When building an event page have a clear vision. Without it you open yourself up for fires and issues that could be avoided.
Vision allows you to focus on executing a plan rather than losing time and potentially even money in response to inefficiency or disorganization. Vision is necessary in everything from event pricing to event day processes. You’ll need to know what you want and need in order to create a ticket page that will reflect all the needs of your event.
Whether you’re prepping to host your first event or you’re about to host a new type of event for your organization, the following questions will help save you time and set you up for a successful event page. I like to call these the 5 W’s to creating a successful ticketing page.
Consider your demographic. If you have already done so, use this demographic to structure and refine your event form. For example if your event is for youth only, then there are a a few things that come with hosting the event such as guardian consents and emergency contact information. Consider if your prospective attendees need special accommodations for allergies or ADA considerations?
Additionally think of your dream attendee and plan your marketing around who your attendees are such as: millennials, professionals, families, or large groups.
With your ‘who’ in mind, you can collect the appropriate data on your page and creatively design it with the attendee in mind.
A clear objective will help you decide the logistics for setting up your ticket page. For instance, a cafe show would require less detail than a large venue concert. Knowing your ‘what’ in conjunction with your ‘who’ helps in planning of what types of ticket you will sell.
- Simple Cafe Show: One general admission ticket with no bells and whistles.
- Large Venue Concert: VIP ticket level, general admission ticket level, group tickets along with merchandise for sale.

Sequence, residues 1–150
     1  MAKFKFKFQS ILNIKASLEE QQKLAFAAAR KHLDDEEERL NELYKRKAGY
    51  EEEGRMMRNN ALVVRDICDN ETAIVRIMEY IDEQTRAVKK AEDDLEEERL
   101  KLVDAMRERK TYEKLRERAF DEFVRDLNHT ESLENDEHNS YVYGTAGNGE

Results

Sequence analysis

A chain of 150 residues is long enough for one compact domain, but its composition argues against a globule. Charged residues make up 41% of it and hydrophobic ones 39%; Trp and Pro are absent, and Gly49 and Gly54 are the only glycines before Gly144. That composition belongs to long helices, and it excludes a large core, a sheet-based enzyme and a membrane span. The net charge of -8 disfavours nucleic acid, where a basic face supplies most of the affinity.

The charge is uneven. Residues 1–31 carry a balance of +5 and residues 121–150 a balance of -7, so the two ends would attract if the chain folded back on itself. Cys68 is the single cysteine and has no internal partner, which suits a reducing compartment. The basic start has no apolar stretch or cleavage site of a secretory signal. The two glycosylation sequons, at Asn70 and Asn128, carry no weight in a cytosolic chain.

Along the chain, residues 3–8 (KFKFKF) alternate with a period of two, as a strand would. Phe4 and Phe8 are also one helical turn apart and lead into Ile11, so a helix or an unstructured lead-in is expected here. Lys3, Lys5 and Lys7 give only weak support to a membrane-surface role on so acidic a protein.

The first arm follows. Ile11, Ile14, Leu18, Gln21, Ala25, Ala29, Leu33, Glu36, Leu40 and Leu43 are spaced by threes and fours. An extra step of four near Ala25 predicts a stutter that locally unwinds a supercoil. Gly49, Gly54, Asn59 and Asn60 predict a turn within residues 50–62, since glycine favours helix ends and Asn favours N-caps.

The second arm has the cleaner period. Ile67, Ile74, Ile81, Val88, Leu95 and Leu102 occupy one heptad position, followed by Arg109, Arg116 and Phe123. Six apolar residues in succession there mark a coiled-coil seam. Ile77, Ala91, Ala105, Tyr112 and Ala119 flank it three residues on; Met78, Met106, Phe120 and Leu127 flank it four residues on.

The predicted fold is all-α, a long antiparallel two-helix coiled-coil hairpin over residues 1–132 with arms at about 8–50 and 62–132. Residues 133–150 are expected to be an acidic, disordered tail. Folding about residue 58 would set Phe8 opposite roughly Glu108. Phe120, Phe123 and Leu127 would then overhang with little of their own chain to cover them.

As you see in these examples a simple cafe show will require a very simple page and there might not be much content on your page. On the contrary, a larger concert might require multiple ticket levels, merchandise, and maybe more information included on your page or confirmation emails.
Your venue and space will help dictate a lot of your planning. Knowing if you have an event capacity or limited supply for a ticket level will help you not oversell tickets. Are you selling general seating or do you have a traditional seating venue that you can sell reserved seats for? The structure of your venue will help you make strategic decisions on how to set up and sell your tickets.
Start with a timeline. If you are able to plan with enough time leading up to your event date you can plan price increases to drive sales. Price increases create a buy in and buzz around your event to snag those early bird priced tickets. You can plan strategic timing of when to open your page and when to close your event page to the public.
The ‘why’ is the anchor of your event. Knowing your objectives will help keep your event planning and page creating process focused. It is tempting to see a new software platform and its different features and want to take advantage of them all but knowing your objectives will help you be clear and not over complicate your process. Less is more when it comes to form design. Your attendees can get bogged down if your objectives and event page have extra or unnecessary information. Ultimately, your attendees come to your event page to get general information and purchase tickets.
With these 5 tips you’ll be ready to create an event page that will do most of your event planning job for you! Okay maybe not quite but it will save you time, heartache and possibly even money!